India's injury misfortunes compounded by curious caution in team selection as bowlers toil

Tim Wigmore
·5-min read
The omission of Kuldeep Yadav has called India's selection into question as they struggled to take wickets on the opening two days in Chennai - Stringer/Reuters
The omission of Kuldeep Yadav has called India's selection into question as they struggled to take wickets on the opening two days in Chennai - Stringer/Reuters

It was the 165th over of England’s innings, deep after tea on day two in Chennai. Washington Sundar bowled a fine off spinner, which elicited Jos Buttler’s outside edge, prompting the sort of jubilation from a fielding team when they feel that what they deserve is long overdue.

Alas, one Indian was not convinced: umpire Anil Chaudhary, who ruled that Buttler was not-out, missing his clear edge. India had no reviews left. Washington’s next delivery was over-pitched and promptly lashed to the boundary for four, bringing up England’s 500. For India, this was not the grand homecoming envisaged after their epic heist in Australia.

India’s misfortune in Chepauk had begun before the toss. The absences of Mohammed Shami and Ravindra Jadeja deprived India of their best fast bowler and best spinner at home in recent years. Without Jadeja, India had planned to hand Axar Patel a Test debut, hoping that he could reprise a similar role. The day before the series, Patel suffered a knee injury, forcing India to recalibrate their plans again. If Brisbane - when India won after selecting an injury-ravaged attack with 13 Test wickets between them, to Australia’s 1033 - showed that India’s depth is stronger than ever, this could not conceal that India took the field with an attack considerably depleted from the most potent possible.

Misfortune was compounded by a curious caution in India’s team selection. In Kuldeep Yadav, India have a cricketer as rare as a Faberge egg: a left-arm wrist spinner. Three members of England’s top six in Chennai - Dom Sibley, Rory Burns and Dan Lawrence - have never faced a left-arm wrist spinner in first-class cricket before.

England batsmen's strike rate
England batsmen's strike rate

Kuldeep has already showed his penchant for befuddling England batsmen. The first time he played England in a T20 international, he took 5-24; the first time he played them in a one-day international, he snared 6-25.

The unrelenting excellence of Jadeja and Ravichandran Ashwin, who also contribute far more with the bat, has limited Kuldeep to six Test matches. Yet he has still provided ample evidence that his beguiling bowling can transfer to the longest format: his nascent Test career has so far brought 24 wickets at 24.1 apiece.

And so to omit Kuldeep, even in the absence of Jadeja, reflected what could be called traditional English thinking: focusing not on what spin bowlers can do, but what they cannot. Though he has a first-class hundred, Kuldeep only averages 8.5 with the bat in Tests. In the classical mode of wrist spinners, he sacrifices economy in pursuit of wickets: Kuldeep concedes 3.5 an over in Tests, and even more in first-class games.

These failings led India to select two other spinners to support Ashwin. Sundar batted terrifically at the Gabba, making 62 and 22 and India have no qualms about batting him at seven; his economy rate in first-class cricket is also 0.75 less than Kuldeep’s. Shahbaz Nadeem, the left-arm orthodox spinner called up after Patel’s injury, has modest batting credentials but a track record of providing control in first-class cricket. Nadeem’s first-class economy rate, 2.70, is almost a whole run an over less than Kuldeep’s 3.65.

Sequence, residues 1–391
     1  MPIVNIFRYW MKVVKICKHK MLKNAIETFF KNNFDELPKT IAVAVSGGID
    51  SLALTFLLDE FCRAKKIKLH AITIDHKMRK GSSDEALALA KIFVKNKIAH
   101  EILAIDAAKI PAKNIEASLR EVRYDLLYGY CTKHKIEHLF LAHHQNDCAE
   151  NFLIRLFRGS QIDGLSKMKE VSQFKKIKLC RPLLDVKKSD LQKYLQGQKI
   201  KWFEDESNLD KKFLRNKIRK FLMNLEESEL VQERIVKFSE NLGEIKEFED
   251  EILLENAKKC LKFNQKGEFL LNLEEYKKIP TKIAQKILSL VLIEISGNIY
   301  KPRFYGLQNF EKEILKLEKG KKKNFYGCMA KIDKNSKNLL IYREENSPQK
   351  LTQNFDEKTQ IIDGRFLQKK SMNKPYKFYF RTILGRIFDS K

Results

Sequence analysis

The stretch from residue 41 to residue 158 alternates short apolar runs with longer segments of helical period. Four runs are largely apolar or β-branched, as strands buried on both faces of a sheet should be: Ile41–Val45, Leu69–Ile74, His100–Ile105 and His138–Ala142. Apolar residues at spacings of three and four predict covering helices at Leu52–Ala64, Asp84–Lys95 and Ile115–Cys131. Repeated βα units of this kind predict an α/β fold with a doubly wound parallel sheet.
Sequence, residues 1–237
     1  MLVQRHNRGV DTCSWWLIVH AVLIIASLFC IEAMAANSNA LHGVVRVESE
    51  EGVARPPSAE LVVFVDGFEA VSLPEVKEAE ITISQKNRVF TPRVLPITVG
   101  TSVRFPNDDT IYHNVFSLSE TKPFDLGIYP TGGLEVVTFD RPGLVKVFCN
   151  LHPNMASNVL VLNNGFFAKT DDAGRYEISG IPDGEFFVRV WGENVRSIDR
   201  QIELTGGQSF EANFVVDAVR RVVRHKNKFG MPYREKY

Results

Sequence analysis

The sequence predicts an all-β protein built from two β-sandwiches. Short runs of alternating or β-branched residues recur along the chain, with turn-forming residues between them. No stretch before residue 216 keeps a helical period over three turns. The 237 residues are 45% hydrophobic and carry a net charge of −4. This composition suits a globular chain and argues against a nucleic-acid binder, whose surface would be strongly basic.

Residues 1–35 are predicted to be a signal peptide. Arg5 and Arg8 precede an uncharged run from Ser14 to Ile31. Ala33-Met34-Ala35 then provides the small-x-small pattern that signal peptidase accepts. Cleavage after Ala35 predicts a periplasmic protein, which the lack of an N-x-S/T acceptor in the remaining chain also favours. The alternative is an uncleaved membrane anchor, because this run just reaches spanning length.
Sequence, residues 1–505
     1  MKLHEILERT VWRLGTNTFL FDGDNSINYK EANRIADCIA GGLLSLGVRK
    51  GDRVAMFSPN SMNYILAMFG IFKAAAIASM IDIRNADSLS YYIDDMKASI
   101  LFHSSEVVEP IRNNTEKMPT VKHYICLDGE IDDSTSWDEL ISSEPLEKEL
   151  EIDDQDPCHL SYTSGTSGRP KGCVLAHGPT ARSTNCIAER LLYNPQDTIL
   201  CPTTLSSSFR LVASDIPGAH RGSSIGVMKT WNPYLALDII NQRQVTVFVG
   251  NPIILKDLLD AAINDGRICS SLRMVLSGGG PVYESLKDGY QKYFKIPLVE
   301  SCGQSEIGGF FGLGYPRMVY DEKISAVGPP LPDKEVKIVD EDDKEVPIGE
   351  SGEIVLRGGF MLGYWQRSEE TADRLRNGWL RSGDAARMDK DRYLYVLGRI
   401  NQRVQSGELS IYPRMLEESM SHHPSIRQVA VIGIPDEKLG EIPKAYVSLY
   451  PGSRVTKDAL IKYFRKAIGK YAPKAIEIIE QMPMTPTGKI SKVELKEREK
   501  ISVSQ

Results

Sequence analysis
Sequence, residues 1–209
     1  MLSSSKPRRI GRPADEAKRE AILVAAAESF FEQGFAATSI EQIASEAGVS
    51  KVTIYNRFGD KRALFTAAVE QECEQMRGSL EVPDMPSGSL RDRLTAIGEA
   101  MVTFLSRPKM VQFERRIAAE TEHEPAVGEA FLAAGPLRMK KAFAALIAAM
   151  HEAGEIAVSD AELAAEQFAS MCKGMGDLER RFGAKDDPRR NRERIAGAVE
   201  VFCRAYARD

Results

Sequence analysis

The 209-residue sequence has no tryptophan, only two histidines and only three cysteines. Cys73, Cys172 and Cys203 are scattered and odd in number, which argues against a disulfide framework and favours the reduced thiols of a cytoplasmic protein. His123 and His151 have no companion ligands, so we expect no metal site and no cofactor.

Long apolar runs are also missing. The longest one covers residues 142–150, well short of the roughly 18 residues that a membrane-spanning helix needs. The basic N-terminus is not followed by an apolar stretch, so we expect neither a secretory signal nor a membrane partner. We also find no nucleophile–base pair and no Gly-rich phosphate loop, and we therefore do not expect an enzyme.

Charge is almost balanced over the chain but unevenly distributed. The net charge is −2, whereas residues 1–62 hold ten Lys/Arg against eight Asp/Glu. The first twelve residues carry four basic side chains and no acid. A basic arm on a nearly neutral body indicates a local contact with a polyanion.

Joe Root's double hundred in numbers
Joe Root's double hundred in numbers

But in focusing on these areas, India neglected the best reason to select Kuldeep: he is far more likely to take wickets. In first-class cricket, Kuldeep takes a wicket every 50 balls; Washington takes one every 60, and Nadeem one every 64. In Tests, Kuldeep takes a wicket every 42 balls: only seven bowlers ever have taken more wickets at a lower strike rate. To omit Kuldeep was not merely to plump for the less romantic option, but also to pick a side less likely to bowl England out twice.

Washington and Nadeem were selected to provide greater control, but they could not even manage that much. England recognised how sagaciously attacking the two could both be a fertile source of runs and force Virat Kohli to bowl Ashwin more. In 70 overs across the first two days, Washington and Nadeem have returned a combined 2-265, yielding 3.79 an over. When the two were attacked - through Joe Root’s sweep shot and Ben Stokes’s assault on Nadeem - their command of line and length withered. In pristine batting conditions, they lacked the mystery or subtlety to overcome the pitch’s unresponsiveness.

There has been some Indian sloppiness too. Beginning with Rishabh Pant missing Burns to the seventh ball of the game, India’s fielding has not quite matched the standards Kohli’s side expect of themselves; Rohit Sharma’s drop off Dom Bess late on the second day was more the stuff of blooper videos than Test matches. India have also gifted England 19 no balls, including six from Nadeem; not since 2009 have India bowled so many in a Test. But India’s main trio - Ashwin, the indefatigable Ishant Sharma and Jasprit Bumrah - have been exemplary in their control, conceding a combined 2.45 an over. The vim and enterprise with which India faced up to a sixth consecutive session in the field by taking four wickets spoke of this attack’s tenacity and skill.

Mostly India’s plight in this match can be explained by the excellence of Root and the realities of the opening days of Test cricket in India: taking wickets is supposed to be hard. That only makes India’s reticence to pick the men most likely to take them all the more curious.